If 2000 line subs are common where the man works, something his company's programming culture is badly messed up, and nothing short of wholesale replacement of the entire development staff from the top down will make things better.

      He should get out before that culture infects him to any great extent.

        That you have to imagine cases where 2000 line subs are preferred, tells me exactly how often such cases really occur: almost never.
        Right. And that's the point, ain't it. "Almost never" isn't the same as "never". And that doesn't answer my question. How are you going to codify that in a coding standard? We have established that you think 2000 is too much. How about 1999? How about 1998? ... How about 5? How about 4? How about 3? Where do you draw the line? And how do you justify that exactly the limit is ok, but one line more isn't?
        In 10 years of coding Perl for a living, I have never seen a 2K LOC subroutine that wasn't 90% scaffolding that should have been abstracted away into other modules, with the remaining 200 lines doing 5 to 10 different things that should have been tucked into their own, nicely named subroutine.
        I don't have that awesome memory. In fact, I can't even remember of the subroutines I saw earlier this week how much "scaffolding" there was - let alone remembering them over a 10 year line span.

        Programmers will use their first working solution as a template for every similar project, you can bet the codebase is a massive pile of cut and paste, long past being maintainable.
        Hmmm, I'm not going to question your observation (which doesn't match mine), but what had this to do with the subject?
        2000 line subroutines require exponentially more time to understand and review than a group of small subroutines, because they require exponentially more time than the 10 to 20 smaller (by 2 orders of magnitude) subs a decent implementation would probably use.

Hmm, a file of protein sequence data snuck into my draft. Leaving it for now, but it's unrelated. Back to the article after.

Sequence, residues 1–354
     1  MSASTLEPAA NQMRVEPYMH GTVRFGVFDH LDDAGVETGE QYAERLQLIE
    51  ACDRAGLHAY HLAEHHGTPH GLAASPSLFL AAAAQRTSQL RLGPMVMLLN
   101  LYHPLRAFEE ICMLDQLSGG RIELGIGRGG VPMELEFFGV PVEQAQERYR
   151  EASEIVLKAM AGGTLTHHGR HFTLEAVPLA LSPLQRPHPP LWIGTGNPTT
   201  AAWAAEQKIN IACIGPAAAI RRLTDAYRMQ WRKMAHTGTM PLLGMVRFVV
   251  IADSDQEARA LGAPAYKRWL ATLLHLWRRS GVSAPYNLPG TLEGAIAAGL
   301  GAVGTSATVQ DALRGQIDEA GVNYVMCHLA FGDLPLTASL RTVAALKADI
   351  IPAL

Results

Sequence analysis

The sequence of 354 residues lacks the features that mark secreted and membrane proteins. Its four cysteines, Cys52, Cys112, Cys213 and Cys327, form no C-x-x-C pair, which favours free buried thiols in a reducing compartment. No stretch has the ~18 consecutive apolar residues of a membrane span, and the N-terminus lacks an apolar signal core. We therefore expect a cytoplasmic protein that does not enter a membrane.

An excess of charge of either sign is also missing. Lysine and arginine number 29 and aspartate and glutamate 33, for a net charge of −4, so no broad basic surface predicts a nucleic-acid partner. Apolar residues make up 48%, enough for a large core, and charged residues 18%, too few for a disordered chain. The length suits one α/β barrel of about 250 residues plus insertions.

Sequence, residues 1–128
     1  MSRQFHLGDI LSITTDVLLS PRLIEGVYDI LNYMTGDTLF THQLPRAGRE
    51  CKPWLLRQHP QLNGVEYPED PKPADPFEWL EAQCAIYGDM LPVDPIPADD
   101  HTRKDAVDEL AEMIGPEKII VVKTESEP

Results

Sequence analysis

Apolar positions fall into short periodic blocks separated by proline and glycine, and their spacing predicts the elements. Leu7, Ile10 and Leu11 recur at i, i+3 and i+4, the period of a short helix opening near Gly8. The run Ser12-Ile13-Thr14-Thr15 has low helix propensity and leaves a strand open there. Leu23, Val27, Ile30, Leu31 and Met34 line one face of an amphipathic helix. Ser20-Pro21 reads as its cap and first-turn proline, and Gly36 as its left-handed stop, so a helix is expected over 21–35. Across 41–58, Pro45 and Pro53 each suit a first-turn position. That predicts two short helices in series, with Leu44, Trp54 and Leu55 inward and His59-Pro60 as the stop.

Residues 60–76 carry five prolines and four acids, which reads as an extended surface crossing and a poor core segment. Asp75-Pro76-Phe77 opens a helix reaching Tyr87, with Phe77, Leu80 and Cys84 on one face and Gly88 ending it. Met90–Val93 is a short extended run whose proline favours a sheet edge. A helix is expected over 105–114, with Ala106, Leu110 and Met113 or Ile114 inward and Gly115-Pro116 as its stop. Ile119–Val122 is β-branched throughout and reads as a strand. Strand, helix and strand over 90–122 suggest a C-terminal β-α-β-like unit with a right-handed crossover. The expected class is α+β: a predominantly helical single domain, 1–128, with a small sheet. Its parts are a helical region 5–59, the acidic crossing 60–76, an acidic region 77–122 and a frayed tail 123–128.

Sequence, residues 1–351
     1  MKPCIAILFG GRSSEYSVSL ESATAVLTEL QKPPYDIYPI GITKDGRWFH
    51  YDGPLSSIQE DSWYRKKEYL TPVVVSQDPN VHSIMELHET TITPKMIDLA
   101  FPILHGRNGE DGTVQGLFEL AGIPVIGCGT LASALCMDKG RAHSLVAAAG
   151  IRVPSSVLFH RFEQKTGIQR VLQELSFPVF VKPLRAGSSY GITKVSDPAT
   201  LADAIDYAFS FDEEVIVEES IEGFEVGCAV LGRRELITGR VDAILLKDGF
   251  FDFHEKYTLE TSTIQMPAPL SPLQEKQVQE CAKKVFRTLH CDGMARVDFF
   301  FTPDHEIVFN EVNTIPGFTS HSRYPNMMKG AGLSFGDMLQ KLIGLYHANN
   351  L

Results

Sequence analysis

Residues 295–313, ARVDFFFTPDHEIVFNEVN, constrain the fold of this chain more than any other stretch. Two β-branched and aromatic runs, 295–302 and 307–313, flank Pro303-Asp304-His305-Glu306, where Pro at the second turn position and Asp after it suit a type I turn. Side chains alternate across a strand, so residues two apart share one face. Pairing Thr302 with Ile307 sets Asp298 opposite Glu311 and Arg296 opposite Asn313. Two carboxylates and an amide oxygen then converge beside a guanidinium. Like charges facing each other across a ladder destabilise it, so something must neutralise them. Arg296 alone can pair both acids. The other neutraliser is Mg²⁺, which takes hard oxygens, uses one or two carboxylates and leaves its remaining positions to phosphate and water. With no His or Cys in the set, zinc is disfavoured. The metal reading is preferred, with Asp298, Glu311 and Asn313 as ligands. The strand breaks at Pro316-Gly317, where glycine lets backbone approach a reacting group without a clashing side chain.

Really? Always? Does 2000 lines of code somehow suddenly always become easier to understand if we scatter the lines into different subs, possible split over different files? Note that I'm not denying that this is often the case - my claim is that sometimes it isn't. If to understand the entire working of a sub means understanding all the pieces, and their order, moving those pieces away doesn't make it easier to understand. In fact, it becomes more annoying - as the linear flow is gone (it's like reading a text where you got to have read the footnotes at the end of the chapter to understand it). And argument passing actually means more code, which sometimes can make it harder.
        If 2000 line subs are common where the man works
        Beep! Red Herring Alert! Stating that SOMETIMES a thing may happen in no way means such a thing is common.
        He should get out before that culture infects him to any great extent.
        While we are in the subject of making broad generalizations, I think anyone claiming "never" or "always" isn't fit as a programmer, and should never (;-))have been hired. You claim 2000 line subroutines are always bad - just based on line count? Step away from the keyboard and never touch it again.